I am Generation Equality: Anita Karim, Pakistan’s first professional mixed martial arts fighter
Billions of people across the world stand on the right side of history every day. They speak up, take a stand, mobilize, and take big and small actions to advance women’s rights. This is Generation Equality.
Date: Tuesday, March 30, 2021
Three reasons for women to join in MMA:
- Promotes confidence and self-defence
- Teaches self-discipline and resilience
- Improves cognitive functions and mental health.
I am Generation Equality because…
I understand how significant confidence and knowledge of self-defence are for girls. I started training in mixed martial arts and I wanted to become an example for other girls to encourage them to join a sport like MMA that makes an individual healthy and active.
MMA is the only sport that boosts your confidence and cultivates your self-defence.
Jiu-jitsu is a ground game which was conducted for the first time in Pakistan for females in PGC (Pakistan Grappling Challenge) 5. I won two gold medals and received the Best Athlete Award.
Support of the family
I used to do taekwondo in Hunza when I was young with my instructor and my brother. My family always supported me and encouraged my enthusiasm towards MMA, which is why I have accomplished so much and gained respect and admiration globally.
I used to receive a lot of criticism for choosing this sport but through support of my family and my consistent hard work I proved all the critics wrong.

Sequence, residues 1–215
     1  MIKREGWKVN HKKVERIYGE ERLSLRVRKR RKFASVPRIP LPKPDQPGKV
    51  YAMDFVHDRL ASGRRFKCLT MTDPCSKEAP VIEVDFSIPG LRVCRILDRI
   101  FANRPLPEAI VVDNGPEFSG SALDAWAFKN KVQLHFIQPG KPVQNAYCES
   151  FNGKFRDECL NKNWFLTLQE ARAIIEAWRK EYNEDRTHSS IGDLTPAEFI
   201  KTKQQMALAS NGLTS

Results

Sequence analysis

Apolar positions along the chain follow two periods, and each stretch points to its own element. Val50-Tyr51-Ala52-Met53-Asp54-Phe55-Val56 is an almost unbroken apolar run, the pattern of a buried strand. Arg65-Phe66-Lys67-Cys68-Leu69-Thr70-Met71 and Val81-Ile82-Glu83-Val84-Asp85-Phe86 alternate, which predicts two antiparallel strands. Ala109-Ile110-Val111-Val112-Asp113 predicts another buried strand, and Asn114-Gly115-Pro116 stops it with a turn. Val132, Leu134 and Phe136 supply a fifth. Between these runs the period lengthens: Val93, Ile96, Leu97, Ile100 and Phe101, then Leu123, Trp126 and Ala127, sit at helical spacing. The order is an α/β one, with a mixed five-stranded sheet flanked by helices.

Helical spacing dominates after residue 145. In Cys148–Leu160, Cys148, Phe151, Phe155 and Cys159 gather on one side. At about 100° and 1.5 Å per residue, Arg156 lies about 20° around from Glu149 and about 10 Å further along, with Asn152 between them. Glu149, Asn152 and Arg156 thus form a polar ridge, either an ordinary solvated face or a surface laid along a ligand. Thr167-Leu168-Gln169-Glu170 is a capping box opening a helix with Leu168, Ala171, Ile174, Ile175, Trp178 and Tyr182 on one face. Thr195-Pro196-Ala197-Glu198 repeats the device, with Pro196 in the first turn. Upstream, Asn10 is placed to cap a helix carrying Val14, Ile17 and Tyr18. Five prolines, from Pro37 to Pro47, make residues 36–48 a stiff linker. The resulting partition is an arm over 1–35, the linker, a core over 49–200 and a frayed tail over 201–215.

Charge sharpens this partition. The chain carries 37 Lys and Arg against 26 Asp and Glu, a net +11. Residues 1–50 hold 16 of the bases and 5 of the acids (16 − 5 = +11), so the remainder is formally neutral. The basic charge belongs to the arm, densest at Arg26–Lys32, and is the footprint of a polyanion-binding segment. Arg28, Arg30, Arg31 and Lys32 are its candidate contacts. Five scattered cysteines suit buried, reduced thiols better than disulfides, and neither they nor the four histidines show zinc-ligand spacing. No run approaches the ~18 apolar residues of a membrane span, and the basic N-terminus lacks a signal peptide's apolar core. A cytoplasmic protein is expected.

“We can only learn to compete in the world if we get to train with men equally.”
Building mental and physical strength
We get the message from our society that women and girls can't commute on their own or can only work in particular areas. We are taught to fear, and there is a perception that girls are weak and vulnerable, which makes it difficult for them to move forward. When we go out and encounter harassment, we get frightened and are unable to react. MMA has taught me confidence and also made me strong enough to compete at a global level.
Looking at the difficulties we face in Pakistan, it is tough for me to train and fight as a girl here because MMA is an unusual sport and even considered dangerous for women.
Firstly, there are not many girls in MMA with whom I can train, so I train with my brothers. We can only learn to compete in the world if we get to train with men equally.
Secondly, people usually don’t comprehend this sport well. They think of it only as a fight. Well it is not just a fight. It makes us physically and mentally strong and gives us the courage to stride ahead. It has taught me strategies for protecting myself in any kind of difficult situation.
Anita Karim is the only woman among the more than 300 professional MMA fighters in Pakistan. She was born in Hunza in Pakistan’s Gilgit-Balistan region. She comes from a family of MMA fighters and trains at a MMA training centre founded by her brothers in Islamabad. Her first professional fight was in 2018.
Watch a video profile of Karim: